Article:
As the Beijing Kunlun Red Stars hit the ice to face off against a team from Moscow, tension is high. A win tonight is crucial to make it to the playoffs in the Kontinental Hockey League, or KHL, Russia's top professional hockey league, second only to the U.S. National Hockey League in talent.
But hardly anyone in the 15,000-seat Beijing arena understands the stakes. In fact, there's hardly anyone here; a vast majority of the seats are empty.
Zhang Cuihua, a 60-year old granny, takes up three seats with bags of knitting supplies. Someone gave her free tickets, and she figured a hockey game was a good excuse as any to knit a sweater.
"I tried to get my son's family to come with me, but they weren't interested. I haven't seen a hockey game in 20 years — I forget the rules. I can't figure it out. One team is Russian, but who's the other team?" she asks me.
That's your Beijing team, I tell her. She looks up from her knitting and squints through oversized spectacles.
"Oh. But they're all foreigners! China's no good at hockey," she concludes, returning to her knitting.
After China won its bid to host the 2022 Olympics, President Xi Jinping vowed to get 300 million of his people "on the ice," an initiative to encourage winter sports. Energy tycoons in China and Russia quickly made a deal to create Beijing's first professional hockey club, and Russian President Vladimir Putin visited Beijing for the signing ceremony with Xi last June. Kunlun Red Star was born — the first Chinese club to join Russia's premier KHL league.
China's team has 18 players from Russia, Finland, Canada and the United States. There are a few Chinese nationals, but none of them can compete at this level and they rarely see ice time.
Team CEO Emma Liao says sponsors, many with close connections to China's government, have already covered the $30 million cost needed to run the Red Stars. Now comes the hard part: educating the public about the team — and about hockey, for that matter.
"Nobody really knows what is hockey," Liao says with a sigh. "So our job is to educate the audience [about] what is hockey, why it's so attractive and why they should come to watch the hockey game."
Few people have done this more than Mark Simon, a Canadian hockey coach who's worked for years to raise awareness about the sport in China and now volunteers as an assistant for the Red Stars. On this particular day, he's juggling an order for new jerseys with a hospital visit to the team's goalie, who's out with an injury.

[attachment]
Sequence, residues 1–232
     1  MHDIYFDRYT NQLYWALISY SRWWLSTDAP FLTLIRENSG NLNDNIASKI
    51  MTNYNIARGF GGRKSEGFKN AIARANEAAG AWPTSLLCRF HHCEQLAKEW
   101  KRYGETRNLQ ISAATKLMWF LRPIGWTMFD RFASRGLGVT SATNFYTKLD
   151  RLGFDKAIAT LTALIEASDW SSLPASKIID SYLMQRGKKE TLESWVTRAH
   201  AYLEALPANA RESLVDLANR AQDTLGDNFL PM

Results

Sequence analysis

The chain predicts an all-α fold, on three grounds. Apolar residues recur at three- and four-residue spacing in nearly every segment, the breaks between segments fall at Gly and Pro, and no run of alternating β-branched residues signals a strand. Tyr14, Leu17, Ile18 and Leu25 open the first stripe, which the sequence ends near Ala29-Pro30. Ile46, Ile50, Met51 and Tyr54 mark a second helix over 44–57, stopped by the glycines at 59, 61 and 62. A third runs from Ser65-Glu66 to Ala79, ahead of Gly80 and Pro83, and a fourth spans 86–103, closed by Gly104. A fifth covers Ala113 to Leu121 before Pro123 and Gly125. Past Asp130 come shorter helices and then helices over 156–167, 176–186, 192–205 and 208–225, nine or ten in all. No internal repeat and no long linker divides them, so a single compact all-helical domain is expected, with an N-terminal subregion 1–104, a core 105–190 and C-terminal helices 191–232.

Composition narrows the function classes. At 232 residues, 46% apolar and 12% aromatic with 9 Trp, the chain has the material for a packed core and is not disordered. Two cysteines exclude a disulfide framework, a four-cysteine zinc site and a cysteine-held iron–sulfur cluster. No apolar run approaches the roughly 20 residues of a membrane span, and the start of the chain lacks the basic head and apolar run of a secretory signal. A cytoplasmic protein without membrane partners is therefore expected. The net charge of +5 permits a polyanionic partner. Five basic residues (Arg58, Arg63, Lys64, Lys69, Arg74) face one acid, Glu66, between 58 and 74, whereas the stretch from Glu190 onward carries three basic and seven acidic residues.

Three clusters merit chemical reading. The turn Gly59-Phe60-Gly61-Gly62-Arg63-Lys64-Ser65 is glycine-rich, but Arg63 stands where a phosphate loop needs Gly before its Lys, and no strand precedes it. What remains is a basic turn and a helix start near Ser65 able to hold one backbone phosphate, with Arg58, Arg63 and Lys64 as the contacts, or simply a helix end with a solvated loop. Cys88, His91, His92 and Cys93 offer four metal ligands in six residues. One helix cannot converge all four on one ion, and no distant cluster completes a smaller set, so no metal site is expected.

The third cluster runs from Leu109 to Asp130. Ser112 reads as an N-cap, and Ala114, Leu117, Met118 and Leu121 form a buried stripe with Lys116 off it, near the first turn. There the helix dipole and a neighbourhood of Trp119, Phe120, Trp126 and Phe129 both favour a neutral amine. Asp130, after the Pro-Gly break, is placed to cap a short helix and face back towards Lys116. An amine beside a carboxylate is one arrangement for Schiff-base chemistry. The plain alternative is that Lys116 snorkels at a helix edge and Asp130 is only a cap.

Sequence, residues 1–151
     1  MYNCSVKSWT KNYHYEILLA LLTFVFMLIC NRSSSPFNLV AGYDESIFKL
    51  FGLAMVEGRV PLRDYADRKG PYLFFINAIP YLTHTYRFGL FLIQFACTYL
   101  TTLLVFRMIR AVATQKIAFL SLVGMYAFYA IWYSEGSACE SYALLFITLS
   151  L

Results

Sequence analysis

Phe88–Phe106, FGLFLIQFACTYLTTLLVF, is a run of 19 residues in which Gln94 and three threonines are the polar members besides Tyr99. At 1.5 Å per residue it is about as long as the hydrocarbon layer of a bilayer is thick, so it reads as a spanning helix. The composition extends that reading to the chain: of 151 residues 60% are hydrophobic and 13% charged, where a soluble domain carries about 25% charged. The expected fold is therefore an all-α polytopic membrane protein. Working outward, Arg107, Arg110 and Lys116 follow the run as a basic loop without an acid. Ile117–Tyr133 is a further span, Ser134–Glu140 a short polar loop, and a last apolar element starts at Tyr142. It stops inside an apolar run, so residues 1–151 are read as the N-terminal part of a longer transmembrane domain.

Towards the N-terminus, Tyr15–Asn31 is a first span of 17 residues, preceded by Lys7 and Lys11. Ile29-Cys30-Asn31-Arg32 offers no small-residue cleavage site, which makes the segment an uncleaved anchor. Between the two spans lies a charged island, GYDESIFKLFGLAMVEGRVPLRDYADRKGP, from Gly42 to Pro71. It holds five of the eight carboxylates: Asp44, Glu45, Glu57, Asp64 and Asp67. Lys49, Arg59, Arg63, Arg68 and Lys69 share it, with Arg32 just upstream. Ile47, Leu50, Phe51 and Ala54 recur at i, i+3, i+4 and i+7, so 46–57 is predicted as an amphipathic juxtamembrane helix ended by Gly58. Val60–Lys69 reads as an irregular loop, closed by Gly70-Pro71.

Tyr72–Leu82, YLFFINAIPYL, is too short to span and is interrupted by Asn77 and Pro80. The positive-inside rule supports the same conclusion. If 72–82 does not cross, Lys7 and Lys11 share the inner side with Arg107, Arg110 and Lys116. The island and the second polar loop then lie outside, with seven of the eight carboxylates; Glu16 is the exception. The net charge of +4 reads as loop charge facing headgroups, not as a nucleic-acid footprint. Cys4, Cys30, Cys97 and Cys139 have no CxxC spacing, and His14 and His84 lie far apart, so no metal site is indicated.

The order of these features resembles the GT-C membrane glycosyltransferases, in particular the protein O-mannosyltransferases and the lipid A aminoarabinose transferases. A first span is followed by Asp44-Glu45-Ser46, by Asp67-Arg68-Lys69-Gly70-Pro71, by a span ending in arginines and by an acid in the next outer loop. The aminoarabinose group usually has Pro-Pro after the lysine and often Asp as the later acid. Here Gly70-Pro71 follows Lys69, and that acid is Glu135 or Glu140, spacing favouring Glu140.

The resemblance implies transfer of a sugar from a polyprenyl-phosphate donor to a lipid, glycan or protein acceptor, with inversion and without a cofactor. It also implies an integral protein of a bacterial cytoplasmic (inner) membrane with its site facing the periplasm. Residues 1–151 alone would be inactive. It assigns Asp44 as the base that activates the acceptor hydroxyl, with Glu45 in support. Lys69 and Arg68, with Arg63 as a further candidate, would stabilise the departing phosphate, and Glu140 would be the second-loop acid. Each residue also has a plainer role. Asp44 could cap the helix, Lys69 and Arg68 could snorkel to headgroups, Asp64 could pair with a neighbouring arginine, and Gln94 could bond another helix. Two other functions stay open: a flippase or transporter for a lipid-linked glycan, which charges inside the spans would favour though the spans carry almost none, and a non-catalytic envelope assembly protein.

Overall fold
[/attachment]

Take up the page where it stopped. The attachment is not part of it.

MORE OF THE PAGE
Simon says he wasn't sure what to think when he first heard about the team. "Great idea — KHL. China, Russia, you know, the Communist brothers and all the stuff. I mean, I get it," he says. "But I still thought, you know, it's early. To expect that you're going to fill an NHL-sized rink is insane."
Simon says the Red Stars have already broken a KHL record for lowest attendance at a single game — 550 people.
The sparse crowds can make for an awkward game-day experience, when the team's 12-member cheerleading squad's cheers are swallowed by the void of a near-empty arena. Or when the announcer – who Simon complains doesn't know a thing about hockey – begins an exuberant cheer for the Red Stars two seconds after the opposing team scores.
A group of spectators from Finland is amused, and a little confused.
They say the game would be better if they were drunk. But tight security rules prohibit alcohol inside the arena. They're the only audience members I meet who've actually bought tickets. Peter Solonen, one of the Finns, says he's never seen a hockey game with such good talent attract so few fans.
"They've still got something to learn," he says with a laugh. "You don't see hockey anywhere else but inside the stadium. Nowhere else. That is weird."
It may be weird, but for Red Stars player Zach Yuen, it's a dream come true. He was the first Chinese-Canadian defenseman drafted by the NHL, and he's chosen to come here now, to play in his homeland.
"When I was growing up, I never had a role model," says Yuen. "It would've been cool to have a role model to look up to. Just to know that it's possible. Because the entry to hockey is tough for sure, culturally. In China, there are kids that watch our games and hopefully, I can live up to that and be a role model for them."
Kids like Yuan Zhongfan, who's practicing with his team in Shanghai, could use a role model. The eight-year-old loves hockey, but he's not sure how supportive his parents will be when he gets older.
"My mom wanted me to learn swimming, but I wasn't tall enough. There was a hockey rink nearby, so we picked that," he says.
Yuan says his dream is to play for the Chicago Blackhawks. I ask him what his parents think about this. "They don't think it's possible," he says, "because no Chinese player has made it to the NHL."
Yuan's parents have never heard of Zach Yuen, and they don't know much about the Red Stars — who, as it happens, lost their big game and have likely lost their chance to make it to the playoffs. But China's government is dreaming big about hockey. And no matter how obscure the sport is today, if he works hard, this eight-year-old from Shanghai may someday get a shot at his dream, too.